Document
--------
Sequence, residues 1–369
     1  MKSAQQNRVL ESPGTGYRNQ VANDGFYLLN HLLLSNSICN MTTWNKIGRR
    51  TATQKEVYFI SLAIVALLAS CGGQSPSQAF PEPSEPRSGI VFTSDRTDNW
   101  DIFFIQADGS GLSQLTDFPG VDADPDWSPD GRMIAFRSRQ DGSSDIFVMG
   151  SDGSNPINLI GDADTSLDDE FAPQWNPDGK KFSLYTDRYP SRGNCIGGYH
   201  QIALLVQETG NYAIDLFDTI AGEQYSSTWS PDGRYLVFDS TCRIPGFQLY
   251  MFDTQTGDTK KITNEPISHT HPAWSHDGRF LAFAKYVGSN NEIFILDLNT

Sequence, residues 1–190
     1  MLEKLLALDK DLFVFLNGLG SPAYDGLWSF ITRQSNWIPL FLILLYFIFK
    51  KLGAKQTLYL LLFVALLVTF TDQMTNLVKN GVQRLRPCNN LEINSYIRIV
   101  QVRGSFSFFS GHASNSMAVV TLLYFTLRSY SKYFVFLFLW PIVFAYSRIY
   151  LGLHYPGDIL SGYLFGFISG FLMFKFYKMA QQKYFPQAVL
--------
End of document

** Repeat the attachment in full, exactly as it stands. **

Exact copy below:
Sequence, residues 1–369
     1  MKSAQQNRVL ESPGTGYRNQ VANDGFYLLN HLLLSNSICN MTTWNKIGRR
    51  TATQKEVYFI SLAIVALLAS CGGQSPSQAF PEPSEPRSGI VFTSDRTDNW
   101  DIFFIQADGS GLSQLTDFPG VDADPDWSPD GRMIAFRSRQ DGSSDIFVMG
   151  SDGSNPINLI GDADTSLDDE FAPQWNPDGK KFSLYTDRYP SRGNCIGGYH
   201  QIALLVQETG NYAIDLFDTI AGEQYSSTWS PDGRYLVFDS TCRIPGFQLY
   251  MFDTQTGDTK KITNEPISHT HPAWSHDGRF LAFAKYVGSN NEIFILDLNT

Sequence, residues 1–190
     1  MLEKLLALDK DLFVFLNGLG SPAYDGLWSF ITRQSNWIPL FLILLYFIFK
    51  KLGAKQTLYL LLFVALLVTF TDQMTNLVKN GVQRLRPCNN LEINSYIRIV
   101  QVRGSFSFFS GHASNSMAVV TLLYFTLRSY SKYFVFLFLW PIVFAYSRIY
   151  LGLHYPGDIL SGYLFGFISG FLMFKFYKMA QQKYFPQAVL